Residents, activists fight to preserve Yingge landmark

By Hsieh Chia-chun and Jason Pan  /  Staff reporter, with staff writer

Thu, Oct 25, 2012 - Page 4

Activists and local residents have joined hands to save a Yingge (鶯歌) landmark — a historic ceramic kiln and its smokestack — vowing to stop the destruction of Yingge’s cultural heritage and to protect the collective memory of the community.

The kiln, with its tall brick smokestack, dating back almost 90 years, is located at the corner of Guangming Street and Guocing Street of Yingge District in New Taipei City (新北市).

Since it ceased operations some years ago, the kiln and its brick smokestack have been left to the encroaching grass and vegetation that have partially overgrown it, covering the main kiln edifice.

Local residents said this historic landmark had witnessed the rise and fall of Yingge’s ceramic pottery industry.

It is also one of the remaining few kilns still relatively intact, but still might be torn down because the site’s new owner wants to develop the land it stands on.

Activists and locals have therefore gotten together to petition the government for assistance, and are seeking to relocate and reconstruct the whole kiln complex for preservation at another site.

However, the new landowner speaking through his assistant, said he has no intention of saving the kiln.

Yingge used to have multitudes of ceramic-firing kilns and smokestacks in the town. During its boom time, this “Hometown of Pottery and Ceramics” had more than 300 kiln smokestacks dotting its skyline.

Nowadays, with the changing times and awareness of environmental problems, these charcoal-burning kilns and ash-belching smokestacks have gradually shut up shop. Local culture researcher Ho Cheng-yuan (何振源) said that fewer than 10 smokestacks remain in the township.

Borough warden Lin Ching-te (林清得) said the old kilns and their smokestacks had featured much in the history of Yingge and brought back memories.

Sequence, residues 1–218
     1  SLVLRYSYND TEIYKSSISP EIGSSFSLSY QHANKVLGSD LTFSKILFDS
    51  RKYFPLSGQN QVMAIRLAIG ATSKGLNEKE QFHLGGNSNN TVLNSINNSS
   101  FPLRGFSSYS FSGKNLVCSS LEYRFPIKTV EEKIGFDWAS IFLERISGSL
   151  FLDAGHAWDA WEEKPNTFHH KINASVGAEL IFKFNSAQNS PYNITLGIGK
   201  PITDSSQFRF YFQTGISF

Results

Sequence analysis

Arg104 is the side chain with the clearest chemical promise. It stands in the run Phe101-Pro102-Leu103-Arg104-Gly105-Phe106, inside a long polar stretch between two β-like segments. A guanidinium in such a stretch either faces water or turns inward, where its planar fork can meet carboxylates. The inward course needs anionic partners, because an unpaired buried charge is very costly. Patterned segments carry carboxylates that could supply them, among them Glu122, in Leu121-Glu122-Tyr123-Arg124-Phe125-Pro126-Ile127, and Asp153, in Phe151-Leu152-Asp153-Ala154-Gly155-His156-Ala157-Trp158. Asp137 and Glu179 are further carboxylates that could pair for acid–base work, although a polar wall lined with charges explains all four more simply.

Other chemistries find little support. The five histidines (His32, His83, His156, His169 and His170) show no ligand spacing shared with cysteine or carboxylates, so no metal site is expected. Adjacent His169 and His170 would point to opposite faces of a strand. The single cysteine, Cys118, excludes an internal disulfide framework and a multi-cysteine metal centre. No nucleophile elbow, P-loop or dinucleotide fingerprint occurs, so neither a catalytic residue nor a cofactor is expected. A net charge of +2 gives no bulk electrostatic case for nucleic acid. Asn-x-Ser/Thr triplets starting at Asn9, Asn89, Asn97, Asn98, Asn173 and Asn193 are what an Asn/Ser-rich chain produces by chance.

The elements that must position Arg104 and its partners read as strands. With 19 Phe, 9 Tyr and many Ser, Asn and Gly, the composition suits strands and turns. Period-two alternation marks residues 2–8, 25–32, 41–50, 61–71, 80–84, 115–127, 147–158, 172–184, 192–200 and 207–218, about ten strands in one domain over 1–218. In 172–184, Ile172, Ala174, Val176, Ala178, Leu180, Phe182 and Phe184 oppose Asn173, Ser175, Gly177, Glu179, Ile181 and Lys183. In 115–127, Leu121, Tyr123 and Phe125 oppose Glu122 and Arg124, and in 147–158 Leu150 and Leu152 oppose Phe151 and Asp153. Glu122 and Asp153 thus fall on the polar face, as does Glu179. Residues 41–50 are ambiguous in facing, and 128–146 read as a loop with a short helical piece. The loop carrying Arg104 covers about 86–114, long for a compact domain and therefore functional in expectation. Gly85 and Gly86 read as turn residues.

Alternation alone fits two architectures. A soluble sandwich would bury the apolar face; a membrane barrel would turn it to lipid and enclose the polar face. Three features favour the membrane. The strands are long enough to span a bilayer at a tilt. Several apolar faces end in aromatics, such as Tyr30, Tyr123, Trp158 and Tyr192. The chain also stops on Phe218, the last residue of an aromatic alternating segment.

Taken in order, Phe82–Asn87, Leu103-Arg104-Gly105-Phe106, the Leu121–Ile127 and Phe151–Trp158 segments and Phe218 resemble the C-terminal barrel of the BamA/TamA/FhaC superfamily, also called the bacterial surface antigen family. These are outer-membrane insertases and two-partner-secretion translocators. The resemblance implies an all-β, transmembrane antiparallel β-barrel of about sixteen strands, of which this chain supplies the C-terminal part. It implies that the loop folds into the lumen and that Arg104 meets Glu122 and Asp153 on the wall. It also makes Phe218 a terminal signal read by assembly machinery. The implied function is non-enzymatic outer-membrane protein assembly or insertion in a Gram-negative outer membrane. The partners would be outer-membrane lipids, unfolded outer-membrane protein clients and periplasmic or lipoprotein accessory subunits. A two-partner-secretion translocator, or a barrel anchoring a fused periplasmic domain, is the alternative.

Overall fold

“They are witness to our changing history,” Lin said.

“We might have to sacrifice some old things in striving for economic development. However, this particular old kiln and smokestack are in good shape. It is worthy of preservation. The government should take it down and reconstruct it at a designated tourist site, and revitalize it,” he said.

“If we don’t do it, the memory will be gone forever. We can see the future, but are unable to see our past,” Lin said.

Ho concurred, saying that many of Yingge’s most precious cultural treasures have been torn down and destroyed.

He said these included the town’s historic Baroque-styled Chien Family Trading Co, the Japanese-era rice mill of the farmers’ cooperatives and the winery smokestack in the old town section.

These got torn down in a rush without due notice, which saddened many local people, he said.

“If we do not make active efforts to preserve these historic buildings, many of Yingge’s cultural treasures will disappear one by one,” he said.

District councilor Ou Ching-shih (歐金獅) said the New Taipei City Government could come up with NT$200 million (US$6.67 million) to pay a private owner for the “Rock of Yingge,” a famous local monument, and for its restoration and renovation of walkways around the site.

“This historic ceramic kiln and smokestack are also cultural treasures of Yingge. We should have systematic planning for its preservation. The government should educate the public on saving our cultural heritage. Now we have new culture, but must also keep old culture alive. This way, our town can have a special character, blending old and new cultures,” Ou said.

Tseng Hsu-tien (曾續田), a section head at New Taipei City’s Department of Cultural Heritage, said the government had tried to negotiate with the new landowner in 2006 for on-site preservation and restoration of the ceramic kiln and its smokestack, but the owner would not agree to it.

Tseng said that because about half of the kiln structure was below ground, it was impossible to know its current condition and original design. Therefor it would be a difficult task to dismantle, relocate and rebuild it.

He said the costs of relocation and reconstruction would be quite high, and because public land would be needed for its new location, that option was unlikely to be approved.